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Spring 2012

cat_cetera in dressdiaries

Elizabethan Night Cap

(cross posted in cat_cetera)

The new Janet Arnold has a few details of embroidered night caps from the late 16th century, including a quote from a contemporary observer that the gentlemen of the court have taken to wearing them during the day on the pretext of some imaginary infirmity. I had picked up this pre-embroidered fabric quite a while ago because it looks pseudo-blackworked and I thought it might be useful for something. This seemed like a good project to try with it.

Process and pictures :
The pattern is a fairly simple matter of four panels that are joined at the bottom - I already had a wool hat like this, so first I cut out pieces based on the existing hat and stitched them together. Since this fabric is much lighter, the starting pattern was too big, so I did some pinning and adjusting until the pieces fit better in the lighter fabric. This led to four separate panels, rather than four pieces joined at the bottom.

Since I wasn't going to be lining the hat, I sewed the pieces together with french seams to make sure that there wouldn't be any scratchy pieces or sequins (spangles) right against my head:

Emobethan Hat #1

Unfortunately, the top points of the four pieces did not quite close when sewn together, leaving an open spot at the top of the hat:

Emobethan Cap - French Seams

Since I was sewing by hand, and on a tight time frame, I did not want to rip out all of the seams to curve them in more at the top, so I left them in and sewed a regular seam with the proper curve:

Emobethan Cap - French Seams (fixed)

The brim is a straight strip of fabric. I sewed it on by french seam so that when the brim was turned up, as shown in the pictures in Janet Arnold, the seam wouldn't show. When I tried it on it showed signs of not staying turned up in quite the intended manner, so I understitched the french seam to the part of the cap hidden by the brim I turned under the outer edge of the brim and whip stitched it to finish the edge, then added some braid I have had kicking around for a while:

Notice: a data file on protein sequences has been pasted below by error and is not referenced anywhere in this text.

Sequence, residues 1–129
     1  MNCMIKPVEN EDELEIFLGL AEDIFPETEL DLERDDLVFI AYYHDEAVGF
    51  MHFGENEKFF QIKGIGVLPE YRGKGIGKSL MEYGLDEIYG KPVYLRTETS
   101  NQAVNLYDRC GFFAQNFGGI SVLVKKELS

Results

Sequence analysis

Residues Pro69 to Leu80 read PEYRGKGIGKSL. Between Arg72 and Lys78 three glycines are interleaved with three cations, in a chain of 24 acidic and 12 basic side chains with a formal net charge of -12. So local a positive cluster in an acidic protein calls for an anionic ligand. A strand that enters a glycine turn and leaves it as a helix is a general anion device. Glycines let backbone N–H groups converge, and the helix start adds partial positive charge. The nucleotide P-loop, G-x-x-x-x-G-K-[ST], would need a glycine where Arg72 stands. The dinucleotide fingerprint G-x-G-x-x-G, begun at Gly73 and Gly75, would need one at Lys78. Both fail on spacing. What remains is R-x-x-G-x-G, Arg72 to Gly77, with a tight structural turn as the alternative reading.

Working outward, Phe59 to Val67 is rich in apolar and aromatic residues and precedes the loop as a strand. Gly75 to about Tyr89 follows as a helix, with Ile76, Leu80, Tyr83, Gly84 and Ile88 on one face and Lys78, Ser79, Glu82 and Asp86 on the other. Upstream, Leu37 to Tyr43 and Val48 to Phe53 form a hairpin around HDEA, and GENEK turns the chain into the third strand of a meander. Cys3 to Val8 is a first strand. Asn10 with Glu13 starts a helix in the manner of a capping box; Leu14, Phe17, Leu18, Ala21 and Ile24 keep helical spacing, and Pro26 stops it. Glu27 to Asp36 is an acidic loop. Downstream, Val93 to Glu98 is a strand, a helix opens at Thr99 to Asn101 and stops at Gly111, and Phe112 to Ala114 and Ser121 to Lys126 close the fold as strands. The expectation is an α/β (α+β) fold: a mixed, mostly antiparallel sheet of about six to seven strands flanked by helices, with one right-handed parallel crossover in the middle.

Emobethan Cap - Brim Detail

The finished hat with brim turned up:

Emobethan Cap - finished

I model the cap:

Elizabethan Night Cap


"the gentlemen of the court have taken to wearing them during the day on the pretext of some imaginary infirmity"

Ah, the 16th century emo crowd :)

Nice cap!
Bwahahaha! Win:)
Cat_cetera calls this style "Emo-bethian", she damn near killed me with giggles when she called it her "Emo-bethian hat"
Ha! I love it.
Or to hide a bald spot? I know a man who always wore a cap whenever possible to hide same. Later on, he bought a toupee, and absentmindedly took it off at a baseball game, much to his neighbors' amusement.
As I understand it, there were quite a few fashionable hat styles that were worn indoors, outdoors, and traveling.


So one did not need to wear a night cap in order to cover the head.
I like the cap! Very nice.
Thanks very much! It has now seen service at a couple of events, including a very rainy event, and has worked out quite well.